A handful of tips for teaching paraphrasing
For students to see the real value of paraphrasing, it should be incorporated across various courses and in as many contexts as possible (not only writing, but also reading, speaking, and listening).
You may even want to keep a record of students’ successes over time and demonstrate the level of progress they’ve made not only in legitimate paraphrasing, but also in understanding and remembering the information they learn.
We’ve collected a bunch of classroom activities that may be embedded into any content, regardless of the subject you’re teaching. Hopefully, some of it may become a nice addition to your lessons:
Searching for the main ideas:
As a warm-up activity, have students work individually or in small groups to highlight the main ideas in a paragraph and two supporting details. Encourage them to use synonyms for general terms/phrases, change active voice into passive voice, replace noun constructions with verbal constructions, but preserve specific terms unchanged. At this point, it’s important to provide examples and practice gradually changing the wording.
Ask students to make digital reading guides. For every reading assignment, they’ll jot down the main idea and three extra essential details that would add more context. By exchanging those with their group mates, students may be asked to retell the text based on the notes drafted by their peers or provide a brief paraphrase of what they read based on their own notes.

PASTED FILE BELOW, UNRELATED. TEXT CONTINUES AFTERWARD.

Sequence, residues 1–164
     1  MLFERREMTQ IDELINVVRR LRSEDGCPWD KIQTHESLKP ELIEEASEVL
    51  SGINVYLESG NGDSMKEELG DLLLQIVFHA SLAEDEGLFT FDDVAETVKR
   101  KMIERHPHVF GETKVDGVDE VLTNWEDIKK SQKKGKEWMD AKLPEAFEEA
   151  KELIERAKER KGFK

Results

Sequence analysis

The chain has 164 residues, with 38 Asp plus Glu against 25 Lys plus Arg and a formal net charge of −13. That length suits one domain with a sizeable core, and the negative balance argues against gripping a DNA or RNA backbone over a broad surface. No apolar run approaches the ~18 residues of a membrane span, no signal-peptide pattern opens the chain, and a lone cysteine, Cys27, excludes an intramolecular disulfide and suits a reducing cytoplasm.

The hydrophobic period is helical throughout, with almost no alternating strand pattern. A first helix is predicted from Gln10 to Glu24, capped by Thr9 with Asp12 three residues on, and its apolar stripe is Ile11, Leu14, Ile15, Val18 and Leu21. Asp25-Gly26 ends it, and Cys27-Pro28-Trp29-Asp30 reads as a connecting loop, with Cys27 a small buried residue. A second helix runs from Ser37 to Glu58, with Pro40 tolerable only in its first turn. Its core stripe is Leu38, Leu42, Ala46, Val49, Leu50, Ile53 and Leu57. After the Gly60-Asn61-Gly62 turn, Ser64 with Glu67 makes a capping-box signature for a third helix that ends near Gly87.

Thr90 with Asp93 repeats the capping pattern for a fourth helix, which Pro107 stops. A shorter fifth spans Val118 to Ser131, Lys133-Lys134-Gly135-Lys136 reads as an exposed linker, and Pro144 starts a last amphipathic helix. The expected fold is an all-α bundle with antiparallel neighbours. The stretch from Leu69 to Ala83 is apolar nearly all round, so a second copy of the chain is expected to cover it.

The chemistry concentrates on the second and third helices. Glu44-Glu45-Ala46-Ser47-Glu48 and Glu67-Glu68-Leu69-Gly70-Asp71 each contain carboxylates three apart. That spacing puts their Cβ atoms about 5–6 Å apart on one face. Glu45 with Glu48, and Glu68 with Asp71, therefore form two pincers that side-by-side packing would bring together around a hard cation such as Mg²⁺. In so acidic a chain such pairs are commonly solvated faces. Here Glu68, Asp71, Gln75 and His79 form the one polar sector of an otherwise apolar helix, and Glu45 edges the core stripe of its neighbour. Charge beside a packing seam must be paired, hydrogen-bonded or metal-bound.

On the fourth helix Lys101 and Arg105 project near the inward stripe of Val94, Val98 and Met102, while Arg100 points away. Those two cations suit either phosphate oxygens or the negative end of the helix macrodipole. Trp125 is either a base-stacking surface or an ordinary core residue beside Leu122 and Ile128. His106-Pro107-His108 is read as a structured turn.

Paraphrasing is a great way to show how well students understand complex concepts, theories, and terms. Have them explain some of them either verbally or in writing. Once done, they may exchange the definitions with their peers and agree or disagree with the explanation provided.
This exercise can be applied to any listening activity. Get students to listen to a podcast, lecture, or YouTube video and ask them to divide the whole speech into logical parts. Then, for each part, they’ll create a listening guide by bringing up the key idea and up to three supporting points. Have students write a paraphrase for one part of the lecture, then provide them with the lecture transcription and ask them to compare the original with the paraphrased version to avoid any copy-pasted statements and assess the paraphrase made.
This activity works well for in-class assignments. After listening or reading a text, ask students to take a break and paraphrase what’s just been read/listened to in three sentences within a set period of time. Alternatively, you may provide them with a list of three to five paraphrases and have them pick the one that would better correspond to the original version of the text/recording/video narrative.